of sialic acid associated with a sialidase deficiency in I-cell disease (mucolipidosis 11) fibroblasts. Biochem Biophys Res
Commun 71:188-195, 1976
4. Warren L The thiobarbituric acid assay of sialic acids. J Biol
Chem 234:1971-1975, 1959
5 . Wenger DA, Tarby TJ, Wharton C: Macular cherry-red spots
and myoclonus with dementia: coexistent neuraminidase and
P-galactosidase deficiencies. Biochem Biophys Res Commun
82:589-595, 1978
Brainstem Tuberculoma:
Value of Sequential
Computed Tomography
Joseph R. Haskett, Jr, Capt, MC, USA,
Clinton E. Branch, Jr, Maj, MC, USAR,
and Jon H . Buscemi, Lt Col, MC, USA
Intracranial tuberculoma is, in the United States, a relatively rare but potentially curable lesion. This report presents the first reported case of brainstem tuberculoma with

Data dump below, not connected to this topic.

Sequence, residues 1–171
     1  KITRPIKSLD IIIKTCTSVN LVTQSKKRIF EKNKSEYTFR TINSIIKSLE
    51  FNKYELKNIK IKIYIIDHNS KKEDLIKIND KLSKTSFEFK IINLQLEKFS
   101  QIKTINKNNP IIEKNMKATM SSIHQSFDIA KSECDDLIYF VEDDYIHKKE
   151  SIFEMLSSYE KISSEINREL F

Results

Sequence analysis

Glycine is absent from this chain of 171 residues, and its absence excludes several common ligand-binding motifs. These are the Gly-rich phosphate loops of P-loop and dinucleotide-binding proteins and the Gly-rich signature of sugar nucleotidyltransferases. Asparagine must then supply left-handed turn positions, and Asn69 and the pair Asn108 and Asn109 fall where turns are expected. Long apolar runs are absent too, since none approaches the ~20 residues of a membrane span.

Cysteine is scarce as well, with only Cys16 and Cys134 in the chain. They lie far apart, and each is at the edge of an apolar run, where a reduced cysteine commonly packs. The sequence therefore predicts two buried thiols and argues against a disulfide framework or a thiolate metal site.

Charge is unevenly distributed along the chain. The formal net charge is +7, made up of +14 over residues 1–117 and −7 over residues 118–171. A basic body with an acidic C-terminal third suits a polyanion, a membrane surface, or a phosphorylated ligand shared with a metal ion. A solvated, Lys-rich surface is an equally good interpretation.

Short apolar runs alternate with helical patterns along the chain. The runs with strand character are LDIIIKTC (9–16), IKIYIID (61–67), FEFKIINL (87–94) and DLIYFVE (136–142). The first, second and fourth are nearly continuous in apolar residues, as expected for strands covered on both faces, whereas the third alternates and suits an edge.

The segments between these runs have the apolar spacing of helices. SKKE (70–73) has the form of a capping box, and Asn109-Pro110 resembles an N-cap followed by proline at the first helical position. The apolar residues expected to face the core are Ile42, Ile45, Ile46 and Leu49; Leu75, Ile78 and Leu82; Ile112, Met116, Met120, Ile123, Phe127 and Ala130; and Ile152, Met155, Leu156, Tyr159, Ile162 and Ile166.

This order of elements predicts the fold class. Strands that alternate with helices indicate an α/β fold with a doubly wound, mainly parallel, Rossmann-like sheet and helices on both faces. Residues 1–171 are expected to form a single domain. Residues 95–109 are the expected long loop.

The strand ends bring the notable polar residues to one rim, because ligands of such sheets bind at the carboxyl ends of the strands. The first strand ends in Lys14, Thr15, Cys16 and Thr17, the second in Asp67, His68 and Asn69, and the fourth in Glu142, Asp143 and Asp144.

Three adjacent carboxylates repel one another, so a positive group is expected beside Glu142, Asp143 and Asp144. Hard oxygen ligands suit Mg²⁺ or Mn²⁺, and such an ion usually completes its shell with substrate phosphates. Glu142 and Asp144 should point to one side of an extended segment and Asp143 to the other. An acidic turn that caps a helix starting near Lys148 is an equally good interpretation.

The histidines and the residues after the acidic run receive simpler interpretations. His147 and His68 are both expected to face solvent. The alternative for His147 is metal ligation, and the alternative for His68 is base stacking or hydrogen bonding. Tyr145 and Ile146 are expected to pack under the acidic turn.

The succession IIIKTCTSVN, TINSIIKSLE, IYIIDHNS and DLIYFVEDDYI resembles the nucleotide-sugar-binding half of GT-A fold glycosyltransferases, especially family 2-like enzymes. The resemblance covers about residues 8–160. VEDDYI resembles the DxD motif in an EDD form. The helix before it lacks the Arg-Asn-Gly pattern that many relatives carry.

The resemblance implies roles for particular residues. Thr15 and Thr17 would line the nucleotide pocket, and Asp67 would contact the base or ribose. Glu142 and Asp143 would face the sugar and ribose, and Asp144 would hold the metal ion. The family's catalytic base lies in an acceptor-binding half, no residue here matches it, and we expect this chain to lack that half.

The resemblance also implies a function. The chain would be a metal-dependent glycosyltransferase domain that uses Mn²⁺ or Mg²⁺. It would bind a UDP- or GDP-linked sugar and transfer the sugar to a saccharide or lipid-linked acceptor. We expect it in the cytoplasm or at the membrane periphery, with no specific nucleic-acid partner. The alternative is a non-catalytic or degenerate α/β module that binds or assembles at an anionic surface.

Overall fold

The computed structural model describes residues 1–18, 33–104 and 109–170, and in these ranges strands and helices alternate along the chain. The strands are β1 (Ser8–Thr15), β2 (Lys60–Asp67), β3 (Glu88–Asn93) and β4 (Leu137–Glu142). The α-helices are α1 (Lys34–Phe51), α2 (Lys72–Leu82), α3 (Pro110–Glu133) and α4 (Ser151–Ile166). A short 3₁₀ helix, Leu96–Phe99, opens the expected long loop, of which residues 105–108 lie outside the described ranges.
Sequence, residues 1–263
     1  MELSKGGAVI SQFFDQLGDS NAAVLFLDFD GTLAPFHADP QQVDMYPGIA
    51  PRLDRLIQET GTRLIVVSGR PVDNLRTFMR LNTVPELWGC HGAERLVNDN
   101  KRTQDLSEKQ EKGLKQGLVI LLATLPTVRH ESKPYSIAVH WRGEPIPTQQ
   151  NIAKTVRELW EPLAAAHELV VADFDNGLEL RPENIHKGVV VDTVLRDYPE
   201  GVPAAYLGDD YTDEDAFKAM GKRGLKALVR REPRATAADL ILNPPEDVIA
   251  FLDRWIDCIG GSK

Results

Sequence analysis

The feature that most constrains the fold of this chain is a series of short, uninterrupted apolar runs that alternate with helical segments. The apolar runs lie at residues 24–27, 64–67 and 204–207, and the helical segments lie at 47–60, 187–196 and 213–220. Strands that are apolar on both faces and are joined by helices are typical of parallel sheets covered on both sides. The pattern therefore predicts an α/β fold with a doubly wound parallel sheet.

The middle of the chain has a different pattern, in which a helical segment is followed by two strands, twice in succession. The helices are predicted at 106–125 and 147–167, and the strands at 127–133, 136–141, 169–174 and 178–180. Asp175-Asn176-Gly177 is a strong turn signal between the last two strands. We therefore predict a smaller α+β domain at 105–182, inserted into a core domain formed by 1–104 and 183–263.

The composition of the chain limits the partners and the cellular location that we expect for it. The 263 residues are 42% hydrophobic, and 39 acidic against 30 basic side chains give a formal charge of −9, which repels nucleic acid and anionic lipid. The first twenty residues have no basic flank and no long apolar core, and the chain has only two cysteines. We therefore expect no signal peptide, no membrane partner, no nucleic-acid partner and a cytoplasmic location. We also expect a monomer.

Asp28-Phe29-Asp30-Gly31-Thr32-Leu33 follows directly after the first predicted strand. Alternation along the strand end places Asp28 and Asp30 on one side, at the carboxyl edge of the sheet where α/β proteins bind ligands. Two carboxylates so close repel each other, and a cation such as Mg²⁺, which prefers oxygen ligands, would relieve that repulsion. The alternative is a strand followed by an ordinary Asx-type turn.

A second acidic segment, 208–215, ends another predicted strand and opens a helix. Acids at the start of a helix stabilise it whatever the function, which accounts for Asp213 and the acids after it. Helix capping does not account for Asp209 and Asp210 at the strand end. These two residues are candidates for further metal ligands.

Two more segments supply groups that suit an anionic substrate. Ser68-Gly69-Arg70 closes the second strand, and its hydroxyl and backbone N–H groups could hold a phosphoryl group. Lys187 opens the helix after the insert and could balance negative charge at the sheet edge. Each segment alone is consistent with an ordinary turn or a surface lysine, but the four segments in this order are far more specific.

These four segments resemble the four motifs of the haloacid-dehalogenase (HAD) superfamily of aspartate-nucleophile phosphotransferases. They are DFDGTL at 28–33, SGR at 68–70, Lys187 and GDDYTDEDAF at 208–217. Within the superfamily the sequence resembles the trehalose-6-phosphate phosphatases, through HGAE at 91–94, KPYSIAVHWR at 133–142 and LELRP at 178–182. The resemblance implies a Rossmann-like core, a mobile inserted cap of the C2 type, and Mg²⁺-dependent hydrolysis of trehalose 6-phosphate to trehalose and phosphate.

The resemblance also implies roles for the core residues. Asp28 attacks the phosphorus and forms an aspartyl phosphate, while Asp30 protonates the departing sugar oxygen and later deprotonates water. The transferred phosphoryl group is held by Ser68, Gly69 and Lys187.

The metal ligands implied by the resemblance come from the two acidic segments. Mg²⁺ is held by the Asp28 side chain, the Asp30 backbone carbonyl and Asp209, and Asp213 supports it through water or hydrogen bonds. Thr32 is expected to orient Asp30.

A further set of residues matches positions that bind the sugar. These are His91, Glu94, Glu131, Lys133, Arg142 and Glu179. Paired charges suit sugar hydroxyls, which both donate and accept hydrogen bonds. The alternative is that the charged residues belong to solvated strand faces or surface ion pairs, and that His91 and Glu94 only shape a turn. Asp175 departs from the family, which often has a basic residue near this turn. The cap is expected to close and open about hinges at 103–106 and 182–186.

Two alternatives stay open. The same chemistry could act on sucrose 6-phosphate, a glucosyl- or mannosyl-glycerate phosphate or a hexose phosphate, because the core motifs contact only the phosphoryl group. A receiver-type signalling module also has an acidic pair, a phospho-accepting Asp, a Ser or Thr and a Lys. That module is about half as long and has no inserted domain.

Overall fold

resolution documented by serial CT scans.
A 28-year-old American Indian man was found on examination to have gait ataxia, internuclear ophthalmoplegia,
From the Departments of Neurology and Neuropathology, Neurological Institute, Faculty of Medicine, Kyushu University 60,
Fukuoka, Japan.
From the Department of Medicine, Neurology Service, Fitzsimons
Army Medical Center, Denver, CO.
Accepted for publication May 5, 1979.
Address reprint requests to D r Goto, Department of Neurology, Neurological Institute, Faculty of Medicine, Kyushu University, 3-1-1 Maedashi, Higashi-ku, Fukuoka 812, Japan.
Address reprint requests to Dr Branch, Neurological Group of
Northeast Georgia, 1220 Sherwood Park Dr NE, Gainesville, G A
Accepted for publication May 7, 1979.
Notes and Letters 275